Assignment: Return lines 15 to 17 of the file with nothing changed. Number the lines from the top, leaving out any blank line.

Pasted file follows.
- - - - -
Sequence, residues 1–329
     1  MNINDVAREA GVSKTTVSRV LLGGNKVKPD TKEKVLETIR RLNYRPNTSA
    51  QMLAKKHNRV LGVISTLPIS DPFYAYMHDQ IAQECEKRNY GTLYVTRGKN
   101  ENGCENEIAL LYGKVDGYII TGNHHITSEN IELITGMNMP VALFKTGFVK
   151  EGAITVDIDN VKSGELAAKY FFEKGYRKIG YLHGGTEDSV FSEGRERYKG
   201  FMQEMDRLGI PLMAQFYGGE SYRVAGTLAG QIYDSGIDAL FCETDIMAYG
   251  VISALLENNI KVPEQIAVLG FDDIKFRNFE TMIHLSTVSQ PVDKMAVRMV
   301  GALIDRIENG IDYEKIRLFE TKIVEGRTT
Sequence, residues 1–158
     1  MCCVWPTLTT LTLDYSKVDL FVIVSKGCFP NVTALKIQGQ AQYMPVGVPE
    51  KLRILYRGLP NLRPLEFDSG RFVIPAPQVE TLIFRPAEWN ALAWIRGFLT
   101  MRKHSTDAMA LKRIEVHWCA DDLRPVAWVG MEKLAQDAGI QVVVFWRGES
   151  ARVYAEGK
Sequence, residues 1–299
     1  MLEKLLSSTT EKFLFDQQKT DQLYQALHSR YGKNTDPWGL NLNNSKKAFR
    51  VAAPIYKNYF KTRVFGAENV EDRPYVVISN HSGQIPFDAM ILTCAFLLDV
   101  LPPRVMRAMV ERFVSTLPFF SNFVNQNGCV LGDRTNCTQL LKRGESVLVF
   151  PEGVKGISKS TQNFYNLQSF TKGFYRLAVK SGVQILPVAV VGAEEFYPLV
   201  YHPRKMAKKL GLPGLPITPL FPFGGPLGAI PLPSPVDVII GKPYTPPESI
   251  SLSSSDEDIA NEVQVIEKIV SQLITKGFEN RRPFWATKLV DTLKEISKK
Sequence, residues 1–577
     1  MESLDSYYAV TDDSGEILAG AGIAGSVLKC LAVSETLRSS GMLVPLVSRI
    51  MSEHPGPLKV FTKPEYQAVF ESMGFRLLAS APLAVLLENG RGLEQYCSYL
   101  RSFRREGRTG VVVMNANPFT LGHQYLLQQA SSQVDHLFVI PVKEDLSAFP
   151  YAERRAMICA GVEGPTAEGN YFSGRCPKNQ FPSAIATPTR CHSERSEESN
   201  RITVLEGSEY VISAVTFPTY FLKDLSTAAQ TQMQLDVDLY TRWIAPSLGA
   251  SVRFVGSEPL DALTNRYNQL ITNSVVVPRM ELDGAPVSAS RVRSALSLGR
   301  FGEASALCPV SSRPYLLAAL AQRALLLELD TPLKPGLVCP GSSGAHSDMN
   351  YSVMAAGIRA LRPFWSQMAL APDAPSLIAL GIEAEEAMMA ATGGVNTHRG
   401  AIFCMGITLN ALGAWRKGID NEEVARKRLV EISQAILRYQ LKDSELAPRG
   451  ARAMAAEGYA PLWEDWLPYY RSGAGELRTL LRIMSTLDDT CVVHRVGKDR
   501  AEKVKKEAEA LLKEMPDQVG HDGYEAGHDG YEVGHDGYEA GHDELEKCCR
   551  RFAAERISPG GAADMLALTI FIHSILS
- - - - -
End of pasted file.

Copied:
     1  MLEKLLSSTT EKFLFDQQKT DQLYQALHSR YGKNTDPWGL NLNNSKKAFR
    51  VAAPIYKNYF KTRVFGAENV EDRPYVVISN HSGQIPFDAM ILTCAFLLDV
   101  LPPRVMRAMV ERFVSTLPFF SNFVNQNGCV LGDRTNCTQL LKRGESVLVF